Want to donate to homeless shelters but unsure of what to give? Here are a few tips of less thought of items. Help people, unclutter your house, and reduce landfill waste! Victory is guaranteed!
But first: Please call ahead before you donate anything to a shelter. A lot of shelters don’t accept certain types or donations, or only accept during certain hours. It might seem silly – why wouldn’t they want this wonderful bag of blankets right this moment? But when people drop things off at all hours, it requires staff to drop whatever they are doing with a client to assist the donor. So call ahead!
1. Plastic grocery sacks.
Problem: $#!%! I left my cloth grocery bags in the car and now my little green heart feels guilty for singlehandedly destroying the earth by getting my groceries in plastic bags.
Solution: Lucky for you – homeless shelters actually tend to reuse these things. Ours uses them to pack lunches for people who can’t come to the shelter to eat, to give out food from the food bank, and to pass out to people whenever they have something they need to carry.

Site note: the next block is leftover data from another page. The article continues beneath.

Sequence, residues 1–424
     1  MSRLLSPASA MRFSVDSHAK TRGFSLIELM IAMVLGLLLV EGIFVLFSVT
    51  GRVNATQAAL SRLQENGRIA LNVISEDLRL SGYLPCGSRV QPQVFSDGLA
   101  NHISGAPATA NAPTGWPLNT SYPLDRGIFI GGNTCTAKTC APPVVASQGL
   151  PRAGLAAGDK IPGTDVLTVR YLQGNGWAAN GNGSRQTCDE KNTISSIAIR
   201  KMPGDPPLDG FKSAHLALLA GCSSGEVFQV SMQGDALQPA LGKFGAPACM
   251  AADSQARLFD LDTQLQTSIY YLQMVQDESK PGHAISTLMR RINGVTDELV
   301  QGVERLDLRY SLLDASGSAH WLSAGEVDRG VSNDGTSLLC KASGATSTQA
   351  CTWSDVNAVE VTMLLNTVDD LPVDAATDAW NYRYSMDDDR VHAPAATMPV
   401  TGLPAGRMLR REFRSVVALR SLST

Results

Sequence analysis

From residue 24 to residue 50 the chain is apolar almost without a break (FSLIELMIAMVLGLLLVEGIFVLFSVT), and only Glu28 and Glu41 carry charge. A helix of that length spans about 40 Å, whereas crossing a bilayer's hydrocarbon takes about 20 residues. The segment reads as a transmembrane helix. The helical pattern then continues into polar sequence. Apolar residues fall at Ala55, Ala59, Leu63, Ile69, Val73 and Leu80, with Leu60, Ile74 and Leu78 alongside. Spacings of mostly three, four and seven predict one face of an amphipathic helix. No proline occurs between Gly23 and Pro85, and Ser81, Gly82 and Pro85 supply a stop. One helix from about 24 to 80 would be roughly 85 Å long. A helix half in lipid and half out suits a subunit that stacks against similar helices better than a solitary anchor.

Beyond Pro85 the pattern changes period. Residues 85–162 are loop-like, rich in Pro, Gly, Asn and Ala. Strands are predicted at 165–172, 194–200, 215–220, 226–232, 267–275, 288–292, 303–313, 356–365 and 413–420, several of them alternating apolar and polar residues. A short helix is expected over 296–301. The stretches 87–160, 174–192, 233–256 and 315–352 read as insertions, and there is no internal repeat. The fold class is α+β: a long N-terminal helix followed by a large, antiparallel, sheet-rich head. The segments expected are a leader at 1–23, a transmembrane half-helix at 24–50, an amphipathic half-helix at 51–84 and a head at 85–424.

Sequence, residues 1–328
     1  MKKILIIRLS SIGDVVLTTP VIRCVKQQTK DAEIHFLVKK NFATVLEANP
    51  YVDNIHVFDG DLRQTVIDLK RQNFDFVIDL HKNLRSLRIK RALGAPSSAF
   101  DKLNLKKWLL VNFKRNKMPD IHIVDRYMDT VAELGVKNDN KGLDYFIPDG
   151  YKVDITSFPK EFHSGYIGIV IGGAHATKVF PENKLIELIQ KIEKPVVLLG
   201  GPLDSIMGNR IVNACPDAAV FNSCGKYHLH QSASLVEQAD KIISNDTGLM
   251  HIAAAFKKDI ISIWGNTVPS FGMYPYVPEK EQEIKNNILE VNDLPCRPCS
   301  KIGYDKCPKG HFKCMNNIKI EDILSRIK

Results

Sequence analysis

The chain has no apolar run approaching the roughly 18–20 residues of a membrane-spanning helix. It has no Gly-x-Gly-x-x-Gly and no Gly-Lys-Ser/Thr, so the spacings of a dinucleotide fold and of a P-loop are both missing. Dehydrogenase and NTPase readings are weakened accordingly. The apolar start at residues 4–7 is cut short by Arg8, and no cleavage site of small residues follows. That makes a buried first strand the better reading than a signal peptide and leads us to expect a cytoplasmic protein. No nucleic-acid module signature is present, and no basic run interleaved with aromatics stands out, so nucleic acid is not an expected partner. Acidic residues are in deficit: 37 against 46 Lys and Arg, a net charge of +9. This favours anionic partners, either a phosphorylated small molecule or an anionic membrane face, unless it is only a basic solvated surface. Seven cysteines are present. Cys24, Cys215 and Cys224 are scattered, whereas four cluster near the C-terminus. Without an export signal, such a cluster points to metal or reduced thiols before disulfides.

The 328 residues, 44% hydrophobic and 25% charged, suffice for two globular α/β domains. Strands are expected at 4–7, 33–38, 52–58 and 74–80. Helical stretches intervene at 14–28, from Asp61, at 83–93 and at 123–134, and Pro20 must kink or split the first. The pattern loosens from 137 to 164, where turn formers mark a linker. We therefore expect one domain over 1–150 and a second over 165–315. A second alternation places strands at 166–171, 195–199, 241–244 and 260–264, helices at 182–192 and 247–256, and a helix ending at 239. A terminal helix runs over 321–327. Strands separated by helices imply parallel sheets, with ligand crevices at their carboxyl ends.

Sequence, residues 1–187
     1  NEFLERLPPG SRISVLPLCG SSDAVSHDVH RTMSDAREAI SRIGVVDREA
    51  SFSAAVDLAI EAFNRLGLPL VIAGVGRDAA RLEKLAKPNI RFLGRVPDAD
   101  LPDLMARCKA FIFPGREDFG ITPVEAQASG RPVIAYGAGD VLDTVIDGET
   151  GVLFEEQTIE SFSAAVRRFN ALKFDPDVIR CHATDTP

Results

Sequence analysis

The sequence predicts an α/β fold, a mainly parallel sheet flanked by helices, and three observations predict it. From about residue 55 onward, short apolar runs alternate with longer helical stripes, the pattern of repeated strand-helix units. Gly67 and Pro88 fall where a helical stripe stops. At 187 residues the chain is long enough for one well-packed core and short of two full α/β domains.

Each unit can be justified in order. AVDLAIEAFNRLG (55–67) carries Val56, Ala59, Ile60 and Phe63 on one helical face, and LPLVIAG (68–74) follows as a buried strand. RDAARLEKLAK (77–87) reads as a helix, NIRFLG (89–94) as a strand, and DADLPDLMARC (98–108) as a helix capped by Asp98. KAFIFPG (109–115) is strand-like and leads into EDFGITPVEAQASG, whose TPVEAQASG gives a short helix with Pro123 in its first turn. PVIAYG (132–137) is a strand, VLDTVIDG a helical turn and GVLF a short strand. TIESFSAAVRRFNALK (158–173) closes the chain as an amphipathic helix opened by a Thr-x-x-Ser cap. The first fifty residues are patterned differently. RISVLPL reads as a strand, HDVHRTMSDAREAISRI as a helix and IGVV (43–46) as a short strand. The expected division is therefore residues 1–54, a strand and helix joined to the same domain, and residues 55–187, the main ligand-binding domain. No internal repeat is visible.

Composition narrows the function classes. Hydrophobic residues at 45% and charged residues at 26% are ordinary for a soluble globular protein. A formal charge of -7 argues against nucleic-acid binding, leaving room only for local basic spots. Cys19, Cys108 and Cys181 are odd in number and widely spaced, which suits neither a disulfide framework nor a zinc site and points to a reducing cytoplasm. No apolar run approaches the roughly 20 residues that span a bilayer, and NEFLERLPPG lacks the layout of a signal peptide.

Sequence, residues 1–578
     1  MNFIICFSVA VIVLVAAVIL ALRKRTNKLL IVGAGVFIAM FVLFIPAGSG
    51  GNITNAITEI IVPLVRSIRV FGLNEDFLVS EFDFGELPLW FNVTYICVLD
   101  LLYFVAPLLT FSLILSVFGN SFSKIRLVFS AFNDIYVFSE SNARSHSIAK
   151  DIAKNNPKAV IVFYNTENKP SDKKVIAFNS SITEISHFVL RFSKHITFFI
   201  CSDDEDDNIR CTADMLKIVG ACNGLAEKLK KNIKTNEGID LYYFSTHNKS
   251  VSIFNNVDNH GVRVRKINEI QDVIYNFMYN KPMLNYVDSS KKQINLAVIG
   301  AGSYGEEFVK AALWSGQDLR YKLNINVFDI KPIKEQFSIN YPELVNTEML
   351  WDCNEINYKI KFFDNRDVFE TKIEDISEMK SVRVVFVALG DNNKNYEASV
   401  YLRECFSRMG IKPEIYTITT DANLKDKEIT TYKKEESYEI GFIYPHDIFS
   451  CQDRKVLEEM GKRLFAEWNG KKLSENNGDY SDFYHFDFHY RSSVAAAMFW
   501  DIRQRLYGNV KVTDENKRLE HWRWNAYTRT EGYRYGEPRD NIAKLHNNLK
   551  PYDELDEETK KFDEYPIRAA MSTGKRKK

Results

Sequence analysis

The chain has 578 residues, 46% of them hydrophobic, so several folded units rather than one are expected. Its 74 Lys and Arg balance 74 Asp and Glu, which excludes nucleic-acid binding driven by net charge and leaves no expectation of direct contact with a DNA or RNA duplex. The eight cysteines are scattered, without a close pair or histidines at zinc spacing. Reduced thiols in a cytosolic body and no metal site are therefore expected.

2. Your bumper crop
Problem: My neighbors threaten to bludgeon me if I give them any more zucchini.
Solution: It’s a little early for this, but some shelters and soup kitchens would be happy to take your produce off your hands. Different places might have different regulations, but the place in town here relies on people donating their extra zucchini, squash, tomatoes, potatoes come late summer, early fall.
3. Blankets in the Spring
Problem: I want to be really generous and donate all these hats/scarves/blankets/warm weather gear I have laying around, but it’s springtime. Will they even want it?
Solution: Check the nighttime low temperature in your area. If your thermostat was set to that temp, would you be comfortable? If not, then feel free to donate your warm weather gear to a shelter. Her in Montana it is still in the 30s and 40s at night, but people have long forgotten about it being cold out. While it’s not as dire as the sub zero temperatures of January, it can still be dangerous for people who live outside if they don’t have good jackets or blankets. These items will probably be welcomed even if it’s not snowing out.